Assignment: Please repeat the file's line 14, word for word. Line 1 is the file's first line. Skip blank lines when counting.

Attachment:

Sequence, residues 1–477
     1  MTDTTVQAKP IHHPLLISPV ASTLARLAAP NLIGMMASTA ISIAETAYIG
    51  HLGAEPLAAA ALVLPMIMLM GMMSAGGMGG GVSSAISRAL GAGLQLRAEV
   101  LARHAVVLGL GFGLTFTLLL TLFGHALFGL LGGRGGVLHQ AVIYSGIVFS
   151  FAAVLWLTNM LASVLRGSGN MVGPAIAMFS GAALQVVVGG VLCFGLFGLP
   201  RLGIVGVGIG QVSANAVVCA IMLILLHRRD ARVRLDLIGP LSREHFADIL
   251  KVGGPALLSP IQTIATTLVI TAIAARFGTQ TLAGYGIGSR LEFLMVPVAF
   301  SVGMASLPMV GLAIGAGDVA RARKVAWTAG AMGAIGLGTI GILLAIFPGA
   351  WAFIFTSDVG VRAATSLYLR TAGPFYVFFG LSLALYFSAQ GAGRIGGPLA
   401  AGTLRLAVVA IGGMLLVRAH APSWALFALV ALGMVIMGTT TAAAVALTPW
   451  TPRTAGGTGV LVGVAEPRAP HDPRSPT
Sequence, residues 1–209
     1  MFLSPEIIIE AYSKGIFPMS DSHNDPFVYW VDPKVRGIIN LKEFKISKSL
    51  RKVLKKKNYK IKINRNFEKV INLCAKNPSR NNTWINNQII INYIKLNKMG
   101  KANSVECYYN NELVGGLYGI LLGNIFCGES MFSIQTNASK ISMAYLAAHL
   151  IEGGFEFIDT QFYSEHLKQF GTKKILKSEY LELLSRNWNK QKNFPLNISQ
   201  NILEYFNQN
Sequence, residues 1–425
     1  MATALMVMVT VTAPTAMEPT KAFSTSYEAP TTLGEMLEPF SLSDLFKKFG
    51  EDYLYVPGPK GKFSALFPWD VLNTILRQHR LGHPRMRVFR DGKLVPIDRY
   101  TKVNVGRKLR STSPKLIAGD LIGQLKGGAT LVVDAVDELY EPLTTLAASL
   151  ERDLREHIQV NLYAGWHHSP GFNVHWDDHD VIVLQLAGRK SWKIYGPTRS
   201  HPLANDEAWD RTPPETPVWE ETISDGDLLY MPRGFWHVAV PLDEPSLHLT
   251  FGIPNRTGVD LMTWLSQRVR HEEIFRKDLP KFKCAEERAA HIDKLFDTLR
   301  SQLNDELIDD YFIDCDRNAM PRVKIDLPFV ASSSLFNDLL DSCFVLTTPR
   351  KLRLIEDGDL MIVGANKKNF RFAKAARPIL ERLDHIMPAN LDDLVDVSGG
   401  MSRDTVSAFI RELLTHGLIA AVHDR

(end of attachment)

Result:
    51  RKVLKKKNYK IKINRNFEKV INLCAKNPSR NNTWINNQII INYIKLNKMG